Competitive advantages and enhanced development impacts by pooling resources together
Input from a wide range of different actors is required to achieve the Sustainable Development Goals (SDGs). Many of the challenges and problems facing societies in developing markets are complex, demanding inter-organizational solutions, technologies, and expertise for being properly addressed.
This also entails a significant market potential for joint offerings and solutions by Finnish actors.
Multi-actor collaboration such as consortia are strongly emphasized in Finland’s official Africa strategy launched in March 2021.
There are significant variations in the outset of potential consortia, ranging from already existing to completely non-existent personal and inter-organizational relationships.
Limited initial personal and inter-organizational relationships significantly increase the requirement for strategic and managerial aspects that need to be considered in consortium formation.
There is no universal blueprint or best-in-class operational model for consortia. However, research indicates that a successful consortium requires at least one champion organization, i.e. at least one organization with the resources, capabilities and interest for holding a leading role.
What makes a good composition?
The fundamental idea is that the partners involved focus on the tasks they perform well whilst simultaneously relying on partners in other areas. This allows all consortium members access to e.g. complementary technologies, solutions, services, and expertise, as well as new markets and risk reduction.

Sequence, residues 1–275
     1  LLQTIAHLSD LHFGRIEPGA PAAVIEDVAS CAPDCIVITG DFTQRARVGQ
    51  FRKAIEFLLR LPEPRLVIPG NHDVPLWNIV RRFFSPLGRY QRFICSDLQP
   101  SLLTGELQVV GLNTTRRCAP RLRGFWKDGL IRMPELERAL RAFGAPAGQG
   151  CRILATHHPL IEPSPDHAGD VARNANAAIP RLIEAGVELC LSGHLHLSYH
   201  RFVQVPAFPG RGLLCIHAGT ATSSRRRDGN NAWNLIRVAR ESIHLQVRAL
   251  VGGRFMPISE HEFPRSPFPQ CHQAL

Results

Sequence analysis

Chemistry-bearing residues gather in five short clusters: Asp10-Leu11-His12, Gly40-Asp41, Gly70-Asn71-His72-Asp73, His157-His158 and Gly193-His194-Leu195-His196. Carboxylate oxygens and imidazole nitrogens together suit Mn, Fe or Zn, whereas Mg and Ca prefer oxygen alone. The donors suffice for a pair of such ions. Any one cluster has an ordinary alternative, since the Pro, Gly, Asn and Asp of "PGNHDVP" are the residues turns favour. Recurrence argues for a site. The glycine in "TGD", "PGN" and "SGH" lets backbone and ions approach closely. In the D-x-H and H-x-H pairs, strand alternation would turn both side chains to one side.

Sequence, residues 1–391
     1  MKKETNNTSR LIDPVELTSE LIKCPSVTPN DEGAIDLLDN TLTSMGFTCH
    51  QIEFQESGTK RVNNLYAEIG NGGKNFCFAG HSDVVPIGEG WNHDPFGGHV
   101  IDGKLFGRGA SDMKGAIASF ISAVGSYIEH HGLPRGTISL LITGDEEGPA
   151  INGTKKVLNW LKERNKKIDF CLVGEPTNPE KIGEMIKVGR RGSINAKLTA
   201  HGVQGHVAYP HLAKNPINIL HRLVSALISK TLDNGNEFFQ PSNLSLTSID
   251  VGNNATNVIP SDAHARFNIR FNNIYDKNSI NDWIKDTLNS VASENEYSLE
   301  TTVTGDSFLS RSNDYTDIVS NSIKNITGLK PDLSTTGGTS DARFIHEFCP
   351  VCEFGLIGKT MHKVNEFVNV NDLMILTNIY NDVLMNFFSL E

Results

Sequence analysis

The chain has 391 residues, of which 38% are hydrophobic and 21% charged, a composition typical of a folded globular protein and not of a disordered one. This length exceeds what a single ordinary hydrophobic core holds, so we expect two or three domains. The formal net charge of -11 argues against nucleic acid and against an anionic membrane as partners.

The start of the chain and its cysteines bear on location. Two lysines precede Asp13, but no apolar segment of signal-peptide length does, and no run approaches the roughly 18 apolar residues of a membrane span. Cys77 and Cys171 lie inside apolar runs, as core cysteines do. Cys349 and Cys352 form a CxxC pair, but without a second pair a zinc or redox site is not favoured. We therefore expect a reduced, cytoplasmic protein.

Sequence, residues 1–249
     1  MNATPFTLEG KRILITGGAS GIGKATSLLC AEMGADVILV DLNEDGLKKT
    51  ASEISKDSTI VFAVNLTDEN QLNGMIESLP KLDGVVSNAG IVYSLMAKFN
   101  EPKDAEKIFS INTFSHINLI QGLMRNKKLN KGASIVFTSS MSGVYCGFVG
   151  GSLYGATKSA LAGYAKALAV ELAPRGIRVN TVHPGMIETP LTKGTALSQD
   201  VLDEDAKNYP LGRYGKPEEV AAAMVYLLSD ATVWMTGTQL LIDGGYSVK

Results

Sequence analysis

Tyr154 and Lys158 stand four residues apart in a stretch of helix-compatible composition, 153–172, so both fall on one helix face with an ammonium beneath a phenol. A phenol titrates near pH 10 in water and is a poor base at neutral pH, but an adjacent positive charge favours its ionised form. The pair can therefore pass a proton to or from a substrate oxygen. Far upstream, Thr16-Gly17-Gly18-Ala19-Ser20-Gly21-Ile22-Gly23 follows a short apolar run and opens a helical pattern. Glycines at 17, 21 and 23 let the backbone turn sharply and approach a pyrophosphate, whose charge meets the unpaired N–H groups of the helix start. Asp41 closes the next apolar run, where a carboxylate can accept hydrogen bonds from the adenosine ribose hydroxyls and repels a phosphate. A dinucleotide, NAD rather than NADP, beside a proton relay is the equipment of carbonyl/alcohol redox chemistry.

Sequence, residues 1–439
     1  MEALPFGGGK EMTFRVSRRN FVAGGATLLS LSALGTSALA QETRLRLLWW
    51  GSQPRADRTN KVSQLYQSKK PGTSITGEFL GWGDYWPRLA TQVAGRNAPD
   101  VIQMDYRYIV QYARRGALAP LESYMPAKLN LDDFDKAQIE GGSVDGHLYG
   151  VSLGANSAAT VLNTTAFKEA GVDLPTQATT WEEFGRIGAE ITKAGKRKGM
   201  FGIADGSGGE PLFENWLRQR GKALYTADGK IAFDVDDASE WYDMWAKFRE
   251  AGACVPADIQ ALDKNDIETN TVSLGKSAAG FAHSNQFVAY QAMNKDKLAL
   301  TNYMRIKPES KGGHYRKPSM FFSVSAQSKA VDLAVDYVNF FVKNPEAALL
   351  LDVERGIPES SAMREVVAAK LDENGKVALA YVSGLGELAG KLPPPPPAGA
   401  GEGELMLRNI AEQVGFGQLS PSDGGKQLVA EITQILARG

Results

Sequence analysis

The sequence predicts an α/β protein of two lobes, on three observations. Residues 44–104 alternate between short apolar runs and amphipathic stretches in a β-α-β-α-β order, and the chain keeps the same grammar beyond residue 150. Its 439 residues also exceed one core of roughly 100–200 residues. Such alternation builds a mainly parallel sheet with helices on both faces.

Illustrative draft of a Consortium and partner competencies
Forming a consortium
Requirements and key aspects that need to be considered when initiating and forming a consortium are naturally very case-specific. From the point of view of an individual organization and potential consortium member, entering a multi-stakeholder initiative is a strategic decision that needs to entail value-added.
Forming a consortium is no easy task and potential challenges are very case-specific. However, focus needs to be placed on the consortium strategy, a careful and well-assessed partner selection, and the management, execution, and implementation of the process.
It is essential to establish (and maintain) trust and commitment between all consortium members.
Including a consortium member(s) already active in the target market, e.g. a company and/or an NGO, is a relevant aspect to consider. In terms of partners in general, the consortium can to a great extent benefit from the (early) involvement of a local partner(s), i.e. an organization registered and active in the local market.
A general checklist
Some topics that might be relevant for the triggering organization to consider when forming the consortium, particularly in a setting with limited initial personal and inter-organizational relationships between the consortium members, can be reviewed here.
Examples of consortia
Strategic multi-stakeholder collaboration comes in many shapes and forms and there is almost an endless range of alternatives for consortium compositions (e.g. number of members, organization types, roles and responsibilities, and potential subcontractors supporting the efforts of the consortium).
Here you can review some examples of the potential composition of consortia. Some of the illustrations are inspired by previous projects funded by Finnpartnership.
For further inspiration, please have a look at one of our consortium case examples, including 4 Finnish organizations collaborating in Nepal.
Finnpartnership operates in close collaboration with Fingo and we are available to support companies in mapping potential NGOs, that would be suitable members in a consortium.
In any consortium-related matters, please reach out to us for discussing the case.
040 596 9877